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A Severe Burden on Working Men and Women

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Essay title: A Severe Burden on Working Men and Women

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A Severe Burden on Working Men and Women

In the wake of the September eleventh attacks, America is faced with a long-term war against terrorism. The American people have embraced themselves for a war for an indefinite period of time against an unfamiliar enemy. America has become united and partisanship has been placed aside. Those issues that our political leaders grumbled about before the attacks are no longer on the forefront; however, in due time those issues will resurface and be dealt with by way of traditional partisan politics. Among those issues is the issue of Social Security. In more ways than we commonly realize, the current Social Security system is a harmful system that is not consistent with the customs and traditions of the American republic.

In 1932, Franklin D. Roosevelt replaced Herbert Hoover for President of the United States. Roosevelt assumed the highest office in the land during a time when the American people were in dire need of leadership. The United States was in the midst of the Great Depression and flamboyant political leaders like Huey P. Long were trying to transform the face of America from a free enterprise republic to a kind of communist regime. Roosevelt had a different idea. His focus was to stay with the traditional practices of a free enterprise republic while creating government subsidized programs to benefit those citizens in need. These government programs were put into law by congress through Roosevelt’s New Deal legislation. Roosevelt’s New Deal consisted of many changes in American policy, of those changes the Social Security Act was signed into law. The Social Security Act created a federal old-age insurance system which provided a modest monthly payment for Americans aged sixty-five and older. It also provided for unemployment compensation as well as governmental support for the handicapped and for single mothers with dependent children. The Social Security Act initially was not intended to be a system of welfare; it was intended to function as a forced savings plan, forcing workers to pay into the system during their working years and receive modest payments in their retirement years. The Social Security Act began with noble intentions; however, through the years the Social Security Administration has converted into a huge bureaucratic welfare system where working men and women pay into the fund and can expect little to no return in their retirement years. President George W. Bush said, “The American people are better off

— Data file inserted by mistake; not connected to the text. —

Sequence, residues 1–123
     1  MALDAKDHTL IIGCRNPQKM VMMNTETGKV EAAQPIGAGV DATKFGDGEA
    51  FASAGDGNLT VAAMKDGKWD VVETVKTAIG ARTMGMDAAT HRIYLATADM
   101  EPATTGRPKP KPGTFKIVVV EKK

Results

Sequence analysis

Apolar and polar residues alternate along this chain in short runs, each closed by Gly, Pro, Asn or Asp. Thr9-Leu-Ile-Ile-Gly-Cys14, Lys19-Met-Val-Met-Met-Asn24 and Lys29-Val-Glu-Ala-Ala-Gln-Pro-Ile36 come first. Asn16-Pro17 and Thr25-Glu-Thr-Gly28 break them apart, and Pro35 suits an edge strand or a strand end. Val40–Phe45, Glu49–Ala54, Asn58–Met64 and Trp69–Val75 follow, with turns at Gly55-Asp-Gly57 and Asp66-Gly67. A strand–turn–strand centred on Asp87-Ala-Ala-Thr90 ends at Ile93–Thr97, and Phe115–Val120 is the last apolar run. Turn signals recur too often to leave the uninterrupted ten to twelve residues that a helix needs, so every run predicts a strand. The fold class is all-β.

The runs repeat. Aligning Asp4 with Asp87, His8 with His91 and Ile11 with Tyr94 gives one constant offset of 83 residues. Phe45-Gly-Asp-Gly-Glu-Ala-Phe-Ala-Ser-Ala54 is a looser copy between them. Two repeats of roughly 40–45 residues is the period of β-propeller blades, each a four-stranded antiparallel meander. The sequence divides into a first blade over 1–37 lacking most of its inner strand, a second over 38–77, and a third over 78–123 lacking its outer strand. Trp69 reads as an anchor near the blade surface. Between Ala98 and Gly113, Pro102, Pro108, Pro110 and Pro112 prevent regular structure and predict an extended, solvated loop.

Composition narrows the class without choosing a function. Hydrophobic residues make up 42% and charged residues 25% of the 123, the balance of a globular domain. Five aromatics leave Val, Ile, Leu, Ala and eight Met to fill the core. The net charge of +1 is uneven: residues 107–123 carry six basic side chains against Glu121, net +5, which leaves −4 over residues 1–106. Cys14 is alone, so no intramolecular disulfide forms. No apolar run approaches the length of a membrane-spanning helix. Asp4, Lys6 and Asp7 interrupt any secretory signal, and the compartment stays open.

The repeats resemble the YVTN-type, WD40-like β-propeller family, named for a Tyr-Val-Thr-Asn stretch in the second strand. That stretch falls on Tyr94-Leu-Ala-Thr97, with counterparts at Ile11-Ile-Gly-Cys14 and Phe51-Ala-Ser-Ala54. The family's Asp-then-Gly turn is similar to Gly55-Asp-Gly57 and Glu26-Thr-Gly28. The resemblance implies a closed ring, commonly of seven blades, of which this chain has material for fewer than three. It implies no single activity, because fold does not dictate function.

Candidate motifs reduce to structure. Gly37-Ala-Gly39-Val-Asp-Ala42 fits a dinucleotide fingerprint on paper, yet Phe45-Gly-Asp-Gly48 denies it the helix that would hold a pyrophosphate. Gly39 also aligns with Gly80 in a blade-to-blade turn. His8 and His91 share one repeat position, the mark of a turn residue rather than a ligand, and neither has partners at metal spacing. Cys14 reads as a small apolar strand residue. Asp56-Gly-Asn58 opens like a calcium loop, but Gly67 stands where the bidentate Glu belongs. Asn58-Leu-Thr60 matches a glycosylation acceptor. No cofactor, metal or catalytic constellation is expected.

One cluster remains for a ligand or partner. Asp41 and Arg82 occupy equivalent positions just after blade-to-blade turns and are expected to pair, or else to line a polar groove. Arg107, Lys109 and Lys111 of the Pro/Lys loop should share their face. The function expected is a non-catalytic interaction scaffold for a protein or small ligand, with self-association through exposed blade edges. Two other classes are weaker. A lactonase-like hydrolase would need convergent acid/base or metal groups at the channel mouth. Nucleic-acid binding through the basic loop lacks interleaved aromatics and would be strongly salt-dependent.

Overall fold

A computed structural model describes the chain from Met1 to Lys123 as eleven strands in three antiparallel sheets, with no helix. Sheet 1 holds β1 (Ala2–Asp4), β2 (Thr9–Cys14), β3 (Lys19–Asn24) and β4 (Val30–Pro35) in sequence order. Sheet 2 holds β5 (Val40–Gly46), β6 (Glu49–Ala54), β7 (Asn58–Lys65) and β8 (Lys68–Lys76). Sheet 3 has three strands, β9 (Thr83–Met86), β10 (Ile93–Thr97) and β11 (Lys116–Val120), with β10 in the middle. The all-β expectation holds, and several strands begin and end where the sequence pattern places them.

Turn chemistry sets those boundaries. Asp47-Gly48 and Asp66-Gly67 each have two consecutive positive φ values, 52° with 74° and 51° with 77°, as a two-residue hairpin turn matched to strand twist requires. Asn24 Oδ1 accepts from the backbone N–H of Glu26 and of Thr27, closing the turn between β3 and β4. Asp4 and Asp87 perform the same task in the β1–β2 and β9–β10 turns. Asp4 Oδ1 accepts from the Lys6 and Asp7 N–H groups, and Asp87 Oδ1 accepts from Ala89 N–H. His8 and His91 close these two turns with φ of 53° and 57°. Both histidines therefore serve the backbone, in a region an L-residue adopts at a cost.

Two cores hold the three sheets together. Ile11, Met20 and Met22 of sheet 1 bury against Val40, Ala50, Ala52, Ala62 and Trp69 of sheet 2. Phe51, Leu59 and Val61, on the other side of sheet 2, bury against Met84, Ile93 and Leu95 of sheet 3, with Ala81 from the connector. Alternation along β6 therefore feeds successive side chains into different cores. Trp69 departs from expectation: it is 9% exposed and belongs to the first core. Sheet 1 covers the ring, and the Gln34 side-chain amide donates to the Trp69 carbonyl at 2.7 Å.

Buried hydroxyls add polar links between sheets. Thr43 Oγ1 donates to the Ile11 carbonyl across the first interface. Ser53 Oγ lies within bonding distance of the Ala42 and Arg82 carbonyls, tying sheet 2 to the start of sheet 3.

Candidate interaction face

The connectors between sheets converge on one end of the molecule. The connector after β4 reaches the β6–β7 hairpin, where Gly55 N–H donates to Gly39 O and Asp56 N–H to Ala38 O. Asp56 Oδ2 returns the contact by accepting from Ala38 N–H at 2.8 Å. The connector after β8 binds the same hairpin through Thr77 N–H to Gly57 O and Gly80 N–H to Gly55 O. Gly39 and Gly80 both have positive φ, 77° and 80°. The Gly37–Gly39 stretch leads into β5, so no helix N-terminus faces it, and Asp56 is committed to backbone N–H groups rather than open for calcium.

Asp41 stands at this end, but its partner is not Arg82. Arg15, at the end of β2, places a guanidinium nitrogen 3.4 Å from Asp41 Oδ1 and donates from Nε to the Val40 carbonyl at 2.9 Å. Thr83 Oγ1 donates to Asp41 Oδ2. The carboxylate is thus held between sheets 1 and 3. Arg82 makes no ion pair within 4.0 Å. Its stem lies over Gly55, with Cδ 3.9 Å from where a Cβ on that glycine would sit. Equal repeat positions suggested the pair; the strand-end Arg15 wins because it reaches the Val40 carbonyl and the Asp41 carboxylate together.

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hoarding their money in mattresses than paying Social Security, by hoarding they will get a better return on their investment.”

Proponents of social security insurance believe that in today’s complex society it is extremely difficult for families to “take care of their own” in hard times. Proponents believe that a government subsidy for those who are unable to provide for themselves is absolutely necessary for a society such as ours to function. The problem is today’s Social Security insurance serves the interests of those who aren’t working and burdens those men and women who spend the majority of their lives as working, middle-class Americans. Yes, an insurance to benefit those who are unable to take care of themselves is necessary in our complex society. However, our political leaders should consider the interests of the men and women who make up the working, middle-class; these are the people who most consider the backbone of the American free-enterprise system.

A publication from the Social Security Administration gives readers an overview of the basic facts of Social Security benefits. The benefits include survivor’s benefits, which are paid to a deceased worker’s family. According to the SSA, “The value of Social Security survivors benefits for a young, average wage earner who dies and leaves a spouse and two children is equivalent to a $374,000 life insurance policy.” The SSA goes on to say that this coverage pays the widow with two children monthly installments of $1,696 per month. For the SSA to compare their benefits to the private industry is absurd. Take me for example, I am a twenty-five-year-old male who is insured through 1st Colony Life with two hundred thousand dollars worth of life insurance. I pay two hundred and fifty dollars per year in premiums. This premium is guaranteed to remain at this rate for the next thirty years. On the other hand, I earn approximately $35,000 per year; I pay an average of $220 a month in Social Security taxes. That comes out to nearly $4,000 per year in “premiums.” How dare the Social Security Administration compare themselves to a life insurance company!


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